Eliciting Employee Input Effectively: The Pros and Cons of Self-Reviews
For decades, the “unilateral” performance review held sway as the dominant model for HR practitioners and personnel managers in North America. In this approach, a single reviewer – usually a direct supervisor – provided the sole source of data in the performance review process.
Over the years, the theories behind performance reviews evolved, and as a result, the process gradually became a bit more democratic and multi-dimensional. The most popular outcome of this was the trend of 360-degree reviews, in which peers, subordinates, supervisors, and in some cases, even customers all provided feedback on each employee’s performance.
Meeting in the Middle with Employee Self-Reviews
Although some companies still use 360-degree reviews, many others who initially bought into the concept have since returned to a more streamlined approach. Some organizations simply found themselves swamped by too much information and no clear idea how to make the best use of it.
While the 360-degree model might be excessive for some companies, a pared-down approach to performance reviews that still considers multiple sources of information has emerged as a happy medium. By asking employees themselves to participate in their own review process, you can add another valuable perspective to the evaluation and work together to formulate more effective plans for future development and improvement. Learn how to get the most out of employee self-reviews with these simple tips.
Schedule self-reviews before traditional evaluations.
Ideally, your employee’s self-review will inform your evaluation of them, rather than the other way around. Scheduling the self-review before the traditional performance evaluation serves two purposes: first, you’ll be more likely to elicit honest answers if they kick off the process, and second, you can factor their answers into your evaluation.
Make it a take-home test, not a pop quiz.
One common mistake that’s made among companies that administer employee self-reviews is allotting too little time to complete the process. Don’t hand employees a pencil and leave them alone in your office with a questionnaire to fill out in half an hour. Instead, explain the process and then give them anywhere from a few days to a week to complete it in the comfort of their own home. That way, you’ll be much more likely to elicit deeply reflective, personally meaningful responses, rather than dashed-off two-word replies.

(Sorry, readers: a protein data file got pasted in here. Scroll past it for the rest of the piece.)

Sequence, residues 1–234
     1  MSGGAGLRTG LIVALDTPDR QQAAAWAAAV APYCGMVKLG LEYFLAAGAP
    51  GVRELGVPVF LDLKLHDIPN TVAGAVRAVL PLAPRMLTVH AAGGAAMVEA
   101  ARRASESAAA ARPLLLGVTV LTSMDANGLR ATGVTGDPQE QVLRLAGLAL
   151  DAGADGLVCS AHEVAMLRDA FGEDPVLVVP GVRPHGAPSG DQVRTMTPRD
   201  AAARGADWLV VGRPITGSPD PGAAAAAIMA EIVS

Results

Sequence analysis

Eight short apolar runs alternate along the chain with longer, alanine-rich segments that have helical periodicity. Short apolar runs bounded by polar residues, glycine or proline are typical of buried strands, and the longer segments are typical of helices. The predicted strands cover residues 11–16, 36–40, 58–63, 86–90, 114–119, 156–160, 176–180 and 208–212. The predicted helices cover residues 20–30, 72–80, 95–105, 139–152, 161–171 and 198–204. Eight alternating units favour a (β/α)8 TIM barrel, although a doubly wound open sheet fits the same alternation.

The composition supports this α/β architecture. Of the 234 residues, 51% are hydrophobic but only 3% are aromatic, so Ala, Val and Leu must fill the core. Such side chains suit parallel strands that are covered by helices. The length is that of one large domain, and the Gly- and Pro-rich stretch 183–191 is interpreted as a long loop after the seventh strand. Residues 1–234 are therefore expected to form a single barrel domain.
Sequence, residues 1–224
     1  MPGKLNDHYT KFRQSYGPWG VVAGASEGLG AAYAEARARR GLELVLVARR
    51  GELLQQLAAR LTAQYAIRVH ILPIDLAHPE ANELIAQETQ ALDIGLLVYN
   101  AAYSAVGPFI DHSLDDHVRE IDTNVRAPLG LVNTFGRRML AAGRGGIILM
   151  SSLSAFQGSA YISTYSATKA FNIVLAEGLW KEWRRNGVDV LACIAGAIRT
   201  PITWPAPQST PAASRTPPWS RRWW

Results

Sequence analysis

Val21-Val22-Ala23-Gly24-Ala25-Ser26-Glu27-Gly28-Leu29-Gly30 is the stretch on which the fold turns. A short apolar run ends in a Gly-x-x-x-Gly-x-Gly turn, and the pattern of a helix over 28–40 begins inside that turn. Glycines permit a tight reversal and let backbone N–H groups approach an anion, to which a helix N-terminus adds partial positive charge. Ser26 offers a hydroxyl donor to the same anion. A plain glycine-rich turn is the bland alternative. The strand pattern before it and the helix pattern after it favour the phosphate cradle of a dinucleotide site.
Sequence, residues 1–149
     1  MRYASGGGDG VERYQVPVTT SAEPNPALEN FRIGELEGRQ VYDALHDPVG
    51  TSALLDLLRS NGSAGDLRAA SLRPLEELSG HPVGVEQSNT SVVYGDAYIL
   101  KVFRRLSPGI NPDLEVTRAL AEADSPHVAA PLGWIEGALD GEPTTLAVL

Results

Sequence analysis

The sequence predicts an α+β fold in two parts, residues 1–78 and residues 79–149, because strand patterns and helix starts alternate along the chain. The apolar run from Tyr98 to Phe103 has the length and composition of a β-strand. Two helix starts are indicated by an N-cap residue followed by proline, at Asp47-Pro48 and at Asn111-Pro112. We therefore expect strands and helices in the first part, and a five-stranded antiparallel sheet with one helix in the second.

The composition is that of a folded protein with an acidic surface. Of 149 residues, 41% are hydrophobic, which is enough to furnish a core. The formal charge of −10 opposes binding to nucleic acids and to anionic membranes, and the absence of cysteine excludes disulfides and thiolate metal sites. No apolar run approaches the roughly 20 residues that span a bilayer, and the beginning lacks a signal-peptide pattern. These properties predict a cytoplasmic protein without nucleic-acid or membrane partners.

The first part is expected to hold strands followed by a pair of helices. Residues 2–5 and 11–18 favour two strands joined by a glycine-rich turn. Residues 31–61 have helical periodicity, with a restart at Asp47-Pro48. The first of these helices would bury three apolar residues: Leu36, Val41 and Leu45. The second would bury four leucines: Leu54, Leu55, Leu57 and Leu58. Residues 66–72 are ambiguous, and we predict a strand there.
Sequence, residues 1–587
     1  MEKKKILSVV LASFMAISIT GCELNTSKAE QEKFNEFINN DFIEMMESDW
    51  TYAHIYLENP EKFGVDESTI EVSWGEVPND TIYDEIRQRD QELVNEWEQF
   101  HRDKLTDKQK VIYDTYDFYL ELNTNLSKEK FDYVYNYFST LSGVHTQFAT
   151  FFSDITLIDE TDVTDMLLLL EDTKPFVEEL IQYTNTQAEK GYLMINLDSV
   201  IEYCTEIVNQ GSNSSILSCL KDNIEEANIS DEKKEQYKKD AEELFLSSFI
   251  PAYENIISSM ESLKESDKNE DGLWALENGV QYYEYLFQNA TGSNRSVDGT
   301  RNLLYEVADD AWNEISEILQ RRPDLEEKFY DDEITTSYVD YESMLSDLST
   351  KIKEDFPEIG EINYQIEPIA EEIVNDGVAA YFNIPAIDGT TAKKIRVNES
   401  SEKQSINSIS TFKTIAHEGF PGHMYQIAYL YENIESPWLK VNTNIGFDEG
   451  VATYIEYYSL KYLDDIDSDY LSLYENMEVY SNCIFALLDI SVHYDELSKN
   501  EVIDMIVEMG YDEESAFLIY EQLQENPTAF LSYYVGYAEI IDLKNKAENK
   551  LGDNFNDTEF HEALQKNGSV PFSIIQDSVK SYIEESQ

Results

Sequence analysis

Ask them to be honest…and mean it.
When you’re explaining the self-review process to your employee, be sure to ask them to answer as fully and as honestly as possible. Studies have shown that the usefulness of employee self-reviews increases if they feel free to express themselves fully without fear of reprisal. There’s just one catch: if you ask for honesty, be sure that you’re really prepared for it! There’s no guarantee that everything your employee will have to say will be pleasant.
Use their answers to kick off a dialogue.
Once you’ve got the completed self-review in your hands, make full use of the information. If there’s anything you don’t understand or that you disagree with, ask for clarification. Ideally, you’ll be able to set aside time during the traditional evaluation to specifically address any issues or concerns that they raise in their self-review.
Take a cue from their responses to formulate future goals.
As a manager, you probably operate under a fairly traditional set of assumptions when it comes to defining professional success and helping to chart a course for your employees’ career path. However, a closer look at their self-review responses may reveal that your employees have drastically different ideas and ambitions. Be sure to take their input into careful consideration when you develop their targeted goals for improvement and advancement during the next review period.
Performance evaluation gurus say that you’ll likely get out of the self-review process exactly what you put into it. If you set aside adequate time, ask for (and graciously respond to) honest answers, and take employees’ input seriously, you’ll be able to make the most of this approach and the information it provides.